Asking René Girard
In 2005 journalist Nathan Gardels interviewed René Girard. The resulting article was published in the Huffington Post under the title “Ratzinger Is Right”. The headline references Girard’s statement from the interview that Pope Benedict XVI was right to challenge the ‘dictatorship of relativism’. The article is worth reading as René Girard’s thoughts often bring surprises and new insights into our channeled discourse.
As we here in America head into the final weeks before another biennial national election cycle, I wish to bring attention to René Girard’s response to the final question posed from this piece:
What do you think of the rise of the religious right in America?
What we see in America today is more the rise of the Republican Party than the religious right. I don’t think there are more Christian fundamentalists in America today than thirty years ago, it is just that they have become politicized. Republicans have focused on issues that bring them to the ballot box. And that is a big change indeed.
The problem with the Christian fundamentalists, though not as much as with the Muslims, is their view of the violence of God. They often talk these days about the Apocalypse. And there is certainly reason to be concerned about where the world is headed. But the violence will not come, as they suggest, from God. I find that incredible. It is we humans who are responsible. That, in many ways, is one of the key messages of the Gospels.
The whole point of the Incarnation is to say that the human and divine are interrelated in a way that is unique to Christian theology, unthinkable in any other religion and, in my view, absolutely superior.
Whether in the case of Muslims focused on martyrdom or the fundamentalist Christians focused on the Apocalypse, the old Greek conception of a God apart from man is not enough. That is really the meaning of all my work.
In the news over the past while, and especially since the riots around the country following the death of George Floyd, and the riot at the US Capital, there has been heard talk of civil war within the increasingly disunited United States. Violent conflict in human communities being one of the central themes of Girard’s mimetic hypothesis, it is no wonder that one frequently hears Girard’s name brought up in these conversations.
Among Girardians there have always been those who believe that mimetic theory not only provides a scientifically thematized understanding of human cultural origins and perpetuation, but also a pathway out of the spasmodic episodes of violence experienced within and between human societies. However, while Girard would never support or encourage violence, as a believer in the Catholic doctrine of fallen human nature (sin), he understood the Christian and biblical truth of the contest between the message of the Gospel and the effects of the Gospel. The message of the Gospel calls all people to repentance and lives of self-sacrificial love, while the ongoing effects of the Gospel erode the ability of any sacrificial (violent) attempts to restore or renew cultural solidarity.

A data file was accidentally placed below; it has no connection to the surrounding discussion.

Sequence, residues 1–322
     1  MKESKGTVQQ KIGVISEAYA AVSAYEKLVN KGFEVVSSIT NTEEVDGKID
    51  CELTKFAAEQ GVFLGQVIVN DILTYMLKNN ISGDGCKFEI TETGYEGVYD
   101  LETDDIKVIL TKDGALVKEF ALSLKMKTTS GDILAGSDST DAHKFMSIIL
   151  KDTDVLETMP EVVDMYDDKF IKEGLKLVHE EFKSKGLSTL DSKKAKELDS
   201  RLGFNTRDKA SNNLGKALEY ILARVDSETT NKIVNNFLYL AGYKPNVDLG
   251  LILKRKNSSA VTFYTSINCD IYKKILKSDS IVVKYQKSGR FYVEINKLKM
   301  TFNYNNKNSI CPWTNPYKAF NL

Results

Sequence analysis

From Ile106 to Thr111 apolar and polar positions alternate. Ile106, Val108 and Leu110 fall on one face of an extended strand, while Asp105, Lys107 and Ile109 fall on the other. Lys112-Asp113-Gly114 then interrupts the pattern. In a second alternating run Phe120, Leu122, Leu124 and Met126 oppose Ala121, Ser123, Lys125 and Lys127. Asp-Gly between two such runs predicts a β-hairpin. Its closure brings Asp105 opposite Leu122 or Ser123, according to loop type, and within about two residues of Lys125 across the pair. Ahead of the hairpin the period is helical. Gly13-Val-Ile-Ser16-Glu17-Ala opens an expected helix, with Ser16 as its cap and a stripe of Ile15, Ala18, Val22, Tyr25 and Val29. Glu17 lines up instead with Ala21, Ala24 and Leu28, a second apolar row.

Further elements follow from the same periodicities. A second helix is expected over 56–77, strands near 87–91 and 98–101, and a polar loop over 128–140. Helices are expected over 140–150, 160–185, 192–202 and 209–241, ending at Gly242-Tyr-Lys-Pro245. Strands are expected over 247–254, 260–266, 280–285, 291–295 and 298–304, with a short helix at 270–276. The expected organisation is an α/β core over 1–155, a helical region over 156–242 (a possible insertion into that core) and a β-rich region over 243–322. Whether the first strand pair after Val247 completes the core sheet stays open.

By de-sacralizing violence and the myths generated from it every culture touched by the Judeo-Christian tradition has been destabilized by allowing victims of violence to take the place of mythic or divinized cultural heroes. And to the degree that the people of a culture do not repent of sin and attempt by God’s grace to follow a path of self-sacrificial love, to that degree they will come closer to inevitable episodes of apocalyptic violence.
As with all things Christian, there is a mystery or a paradox here that defies attempts to thoroughly elucidate these themes. My opinion is that Girard’s hypothesis does not provide a pathway out of mimetic conflicts, but in his insistence that the Gospel is key to understanding any of these matters he performs the basic evangelistic task of pointing to the cross of Christ as the source of the light that illuminates the path to peace within and among ourselves, our communities, and with God.